The crews battling the Bighorn Fire near Tucson will pause their efforts briefly on Tuesday, June 30, to commemorate 19 wildland firefighters who were killed during a fire seven years ago.
The crews will observe a moment of silence at 4:42 p.m., marking the time of day the Granite Mountain Hotshots died while battling the Yarnell Hill Fire, northwest of Phoenix.
Also on Tuesday, Gov. Doug Ducey ordered the state’s flags flown at half-staff in honor of those who lost their lives on this day in 2013.
The hotshots were overcome after a change in wind direction pushed the flames back toward their position.
Ducey called it one of the most tragic days in state history.
“The brave Yarnell 19 had their whole lives ahead of them,” Ducey said. “They had families, loved ones and friends who cared deeply about them.
KOLD-TV CBS 13 Tucson
This is the “Wildland Firefighter Week of Remembrance”.
On this date, June 30, in 2013, 19 granite mountain firefighters were lost in the Yarnell Hill fire in Arizona. 34 wildland firefighters were killed in the line of duty that fire season.
On July 6 in 1994, 14 firefighters died on Storm King Mountain in Colorado. 35 wildland firefighters died that year. The main focus for this week of remembrance is so that future wildland firefighters learn from those who served before them. This week is intended as an opportunity to renew the commitment to the health, wellness, and safety of wildland firefighters.
KNBN-TV NBC 1 Rapid City
Fire chiefs in the Big Country said they've been busy this month battling wildfires.
"Usually it starts in July, but this year it started in June and it's been very hectic," said Eula Fire Chief Charlie Dawson.
Dawson, with the Eula Volunteer Fire Department, said a wildfire in Callahan County on the 18th damaged four of his trucks, which were in service the next day. "In this situation, it was dark and heavy smoke and couldn't see what you were hitting, running over fences, trees, boulders and just fighting the terrain," said Dawson.
The same fire damaged a brush truck with the Clyde Volunteer Fire Department, which is still out of service.
KTXS-TV ABC 12 Abilene
It was eight years ago, on this date, that four North Carolina Air National Guard airmen were killed when their C-130 crashed near Edgemont.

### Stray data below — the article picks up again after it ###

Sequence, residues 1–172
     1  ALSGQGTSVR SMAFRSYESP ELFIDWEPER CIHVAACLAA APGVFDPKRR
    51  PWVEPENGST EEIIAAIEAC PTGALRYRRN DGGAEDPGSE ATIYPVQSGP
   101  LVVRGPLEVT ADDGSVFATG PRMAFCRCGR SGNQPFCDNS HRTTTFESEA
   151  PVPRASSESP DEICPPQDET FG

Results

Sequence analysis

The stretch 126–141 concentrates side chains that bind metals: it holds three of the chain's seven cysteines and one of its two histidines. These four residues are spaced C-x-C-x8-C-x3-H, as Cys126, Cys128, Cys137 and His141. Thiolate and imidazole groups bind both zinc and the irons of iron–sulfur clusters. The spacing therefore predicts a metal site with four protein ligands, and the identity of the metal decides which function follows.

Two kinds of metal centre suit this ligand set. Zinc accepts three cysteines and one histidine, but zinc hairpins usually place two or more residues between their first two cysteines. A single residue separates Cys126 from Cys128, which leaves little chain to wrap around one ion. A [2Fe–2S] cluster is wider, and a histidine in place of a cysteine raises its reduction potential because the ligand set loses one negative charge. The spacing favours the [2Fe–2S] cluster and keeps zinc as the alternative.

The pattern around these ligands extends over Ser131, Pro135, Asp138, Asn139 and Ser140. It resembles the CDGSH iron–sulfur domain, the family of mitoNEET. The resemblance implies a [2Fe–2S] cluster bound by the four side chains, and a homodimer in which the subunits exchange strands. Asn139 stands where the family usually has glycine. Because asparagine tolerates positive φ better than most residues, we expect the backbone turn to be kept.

The C-130, equipped with an airborne firefighting system, was on a retardant run over the White Draw Fire when a microburst caused it to crash.
Killed were the pilots, Lt. Col. Paul K. Mikeal and Maj. Joseph M. McCormick; navigator, Maj. Ryan S. David; and flight engineer, SMSgt. Robert S. Cannon. Two other airmen were injured.
The Air Force report on the crash stated a thunderstorm created the microburst of turbulent air that caused the air tanker to crash. During a previous retardant drop, the C-130 lost airspeed despite being at full power. Before the second drop, the crew discussed this issue but decided they could adjust; however, the plane crashed soon after.
KOTA-TV ABC 3 Rapid City
The very wet late June storm system that has dropped several inches of rain on the valleys and mountains of west-central and southwest Montana over the last two days will have an impact on the summer fire season.
Up until Sunday, much of the area had received only about 25% of the monthly average for precipitation, and forest fuels -- those sticks, logs, and other debris in the forest -- were drying up fast. But two days of steady rainfall -- along with areas of high elevation snow -- have given the area a two-week reset, meaning the earliest wildland fires might be an issue won’t be until late July.
In addition, the next two weeks bring very little chance of hot temperatures to the region. The end result for the Northern Rockies Coordination Center is an adjustment in the forecast for July, but no change for later this summer.
KPAX-TV CBS/CW+ 8 Missoula